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(Icelandic Lamb Soup)

This marvelous, authentic, and aromatic Icelandic soup is compliments of Nanna Rögnvaldardóttir, author of Matarást ( or, Love of Food), a 700-page compendium of some 1,600 recipes and 3,000 entries in the first ever Icelandic cooking encyclopedia. This soup, which is taken from Matarást, is--according to Nanna--what most Icelanders consider THE Icelandic soup, though she adds that "it is not really unique; Scottish and Welsh lamb soups are very similar and I´ve even got a Mongolian recipe for lamb soup (Guriltai shul) that is remarkably similar, except the meat is briefly stir-fried in the beginning, but the vegetables are exactly the same." That, of course, is a lesson in the transmigration of recipes. The fact remains, it's a hearty, wholesome, protein-rich soup that looks positively festive in the bowl when the vegetables are cut into a same-size dice: like a white-yellow-orange confetti soup. Serve hot to 6-8 people as a substantial meal.

  • 3 pounds (1,5 kg) lamb shoulder, on the bone, cut in large pieces
  • ½ onion, sliced
  • 6 cups (1,5 liters) water
  • 2-3 tbsp dried mixed vegetables and herbs* (from a soup mix)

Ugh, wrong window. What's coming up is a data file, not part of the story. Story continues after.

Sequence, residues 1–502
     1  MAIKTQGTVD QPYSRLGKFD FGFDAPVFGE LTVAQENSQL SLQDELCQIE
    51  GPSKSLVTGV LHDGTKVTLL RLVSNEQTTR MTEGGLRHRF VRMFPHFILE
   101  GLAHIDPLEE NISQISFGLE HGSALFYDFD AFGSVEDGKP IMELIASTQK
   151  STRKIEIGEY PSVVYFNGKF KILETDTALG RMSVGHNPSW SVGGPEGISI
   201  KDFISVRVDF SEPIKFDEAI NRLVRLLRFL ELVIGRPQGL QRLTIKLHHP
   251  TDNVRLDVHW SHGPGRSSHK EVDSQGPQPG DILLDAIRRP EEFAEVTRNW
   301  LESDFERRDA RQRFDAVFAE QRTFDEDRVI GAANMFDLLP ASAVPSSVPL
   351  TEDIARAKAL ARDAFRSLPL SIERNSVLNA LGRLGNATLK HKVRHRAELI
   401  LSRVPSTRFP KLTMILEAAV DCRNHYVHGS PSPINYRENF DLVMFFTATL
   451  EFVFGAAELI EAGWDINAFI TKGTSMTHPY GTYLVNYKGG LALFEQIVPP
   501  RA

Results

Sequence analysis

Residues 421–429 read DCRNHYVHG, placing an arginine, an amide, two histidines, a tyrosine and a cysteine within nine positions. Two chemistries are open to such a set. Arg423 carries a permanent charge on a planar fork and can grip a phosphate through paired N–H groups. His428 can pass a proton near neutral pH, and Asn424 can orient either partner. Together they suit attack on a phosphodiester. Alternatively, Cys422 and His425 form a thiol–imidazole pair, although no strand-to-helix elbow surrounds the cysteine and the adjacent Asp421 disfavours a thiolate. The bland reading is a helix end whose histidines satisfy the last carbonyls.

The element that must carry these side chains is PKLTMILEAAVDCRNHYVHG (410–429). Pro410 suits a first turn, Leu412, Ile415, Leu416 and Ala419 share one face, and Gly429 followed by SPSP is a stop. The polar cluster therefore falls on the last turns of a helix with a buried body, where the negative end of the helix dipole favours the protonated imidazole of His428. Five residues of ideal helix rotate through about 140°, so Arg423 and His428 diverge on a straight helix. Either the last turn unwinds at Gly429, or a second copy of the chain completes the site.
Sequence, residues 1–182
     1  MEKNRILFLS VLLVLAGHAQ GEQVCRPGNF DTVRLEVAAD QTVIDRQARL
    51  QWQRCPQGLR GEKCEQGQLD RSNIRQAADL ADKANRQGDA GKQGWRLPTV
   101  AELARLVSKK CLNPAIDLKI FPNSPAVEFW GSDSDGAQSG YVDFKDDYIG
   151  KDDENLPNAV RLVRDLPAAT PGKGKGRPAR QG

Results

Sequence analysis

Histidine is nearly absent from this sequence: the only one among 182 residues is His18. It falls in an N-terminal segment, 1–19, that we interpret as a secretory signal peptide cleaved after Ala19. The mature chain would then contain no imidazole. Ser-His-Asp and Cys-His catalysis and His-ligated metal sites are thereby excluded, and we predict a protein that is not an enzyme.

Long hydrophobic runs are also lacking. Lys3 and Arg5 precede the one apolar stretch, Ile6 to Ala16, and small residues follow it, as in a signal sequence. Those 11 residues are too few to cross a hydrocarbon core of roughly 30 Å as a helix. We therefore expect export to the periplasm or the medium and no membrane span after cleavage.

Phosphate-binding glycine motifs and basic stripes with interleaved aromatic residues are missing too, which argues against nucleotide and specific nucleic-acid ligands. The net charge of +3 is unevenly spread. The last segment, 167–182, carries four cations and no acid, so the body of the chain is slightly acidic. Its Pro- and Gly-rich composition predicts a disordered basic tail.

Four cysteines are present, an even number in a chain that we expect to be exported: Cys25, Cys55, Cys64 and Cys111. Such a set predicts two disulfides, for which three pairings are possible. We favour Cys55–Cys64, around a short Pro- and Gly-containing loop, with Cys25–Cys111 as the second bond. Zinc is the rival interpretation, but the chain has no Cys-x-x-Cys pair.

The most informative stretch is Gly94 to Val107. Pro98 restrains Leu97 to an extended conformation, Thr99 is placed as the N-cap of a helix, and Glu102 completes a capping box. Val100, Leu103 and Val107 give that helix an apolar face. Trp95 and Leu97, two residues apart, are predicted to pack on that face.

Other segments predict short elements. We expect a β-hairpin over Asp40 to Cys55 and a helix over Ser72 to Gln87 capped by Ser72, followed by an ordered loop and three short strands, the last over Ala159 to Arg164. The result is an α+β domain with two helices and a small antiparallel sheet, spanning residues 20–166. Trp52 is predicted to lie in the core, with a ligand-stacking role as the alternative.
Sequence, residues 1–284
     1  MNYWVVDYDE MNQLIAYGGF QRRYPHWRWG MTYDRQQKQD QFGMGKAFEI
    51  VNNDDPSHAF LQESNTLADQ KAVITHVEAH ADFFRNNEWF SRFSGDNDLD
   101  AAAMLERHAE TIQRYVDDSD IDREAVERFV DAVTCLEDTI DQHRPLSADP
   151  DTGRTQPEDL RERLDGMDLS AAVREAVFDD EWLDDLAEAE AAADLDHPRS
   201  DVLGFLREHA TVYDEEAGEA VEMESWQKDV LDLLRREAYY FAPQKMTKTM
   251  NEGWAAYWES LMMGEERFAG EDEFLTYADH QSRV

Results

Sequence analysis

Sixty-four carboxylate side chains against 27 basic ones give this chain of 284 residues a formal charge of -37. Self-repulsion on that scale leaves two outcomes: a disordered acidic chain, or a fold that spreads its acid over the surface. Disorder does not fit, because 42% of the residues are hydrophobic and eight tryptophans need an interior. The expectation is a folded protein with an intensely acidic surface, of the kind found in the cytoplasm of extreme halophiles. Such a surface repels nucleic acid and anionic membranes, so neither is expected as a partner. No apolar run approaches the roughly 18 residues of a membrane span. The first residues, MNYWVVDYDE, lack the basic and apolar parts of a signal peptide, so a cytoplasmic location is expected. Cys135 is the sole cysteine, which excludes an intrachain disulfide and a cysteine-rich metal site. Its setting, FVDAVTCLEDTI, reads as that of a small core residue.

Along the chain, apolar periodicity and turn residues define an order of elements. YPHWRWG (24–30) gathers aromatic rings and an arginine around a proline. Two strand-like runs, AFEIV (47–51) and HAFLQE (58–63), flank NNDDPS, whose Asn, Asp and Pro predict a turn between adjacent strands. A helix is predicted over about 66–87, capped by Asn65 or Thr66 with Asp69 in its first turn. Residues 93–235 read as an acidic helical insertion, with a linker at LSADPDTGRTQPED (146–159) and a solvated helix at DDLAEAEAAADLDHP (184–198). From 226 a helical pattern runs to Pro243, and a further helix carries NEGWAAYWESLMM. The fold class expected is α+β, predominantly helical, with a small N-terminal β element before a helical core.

• salt and pepper, to taste
  • 1 pound (½ kg) rutabaga, cut in an even ½-inch dice
  • ½ pound (250 grams) small potatoes, peeled and cut in an even ½-inch dice
  • ½ pound (250 grams) carrots, peeled and cut in an even ½-inch dice
Nanna says: "Traditionally, fatty meat is used but many now prefer to remove most of the fat. Place the meat and onion in a large pan and pour cold water over it. Heat to boiling point, let boil rapidly for a few minutes, then skim. Add dried vegetables and some salt and pepper and simmer for around 40 minutes. Add rutabagas, potatoes and carrots and simmer for 20-25 minutes more, or until all the vegetables are tender. Season to taste. The meat is either served in the soup or removed and served on a separate plate, but it is always eaten with the soup. Some cut it up small, then add it back to the soup, others would eat it from a separate plate.

"Other versions of the soup may add or substitute other vegetables, like cabbage, kale or turnips, and a fistful of oats or rice was sometimes added to thicken it somewhat, but this is the version I like best; simple, clear and thin but tasty."

I also like the pure version, but tried the one with oatmeal too. It's excellent--very "stick to your ribs." It's also good the next day--and easy to pick the solid fat off after refrigeration.